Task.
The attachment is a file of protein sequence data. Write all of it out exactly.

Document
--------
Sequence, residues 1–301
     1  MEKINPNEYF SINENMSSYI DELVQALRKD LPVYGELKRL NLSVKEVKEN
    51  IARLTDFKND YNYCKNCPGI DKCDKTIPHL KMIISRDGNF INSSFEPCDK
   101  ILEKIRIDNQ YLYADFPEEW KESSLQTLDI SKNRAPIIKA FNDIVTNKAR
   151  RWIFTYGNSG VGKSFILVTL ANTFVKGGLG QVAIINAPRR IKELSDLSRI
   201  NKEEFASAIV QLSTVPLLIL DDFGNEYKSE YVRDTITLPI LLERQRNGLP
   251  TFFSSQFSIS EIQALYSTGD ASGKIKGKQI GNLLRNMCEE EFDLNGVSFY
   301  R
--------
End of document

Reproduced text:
Sequence, residues 1–301
     1  MEKINPNEYF SINENMSSYI DELVQALRKD LPVYGELKRL NLSVKEVKEN
    51  IARLTDFKND YNYCKNCPGI DKCDKTIPHL KMIISRDGNF INSSFEPCDK
   101  ILEKIRIDNQ YLYADFPEEW KESSLQTLDI SKNRAPIIKA FNDIVTNKAR
   151  RWIFTYGNSG VGKSFILVTL ANTFVKGGLG QVAIINAPRR IKELSDLSRI
   201  NKEEFASAIV QLSTVPLLIL DDFGNEYKSE YVRDTITLPI LLERQRNGLP
   251  TFFSSQFSIS EIQALYSTGD ASGKIKGKQI GNLLRNMCEE EFDLNGVSFY
   301  R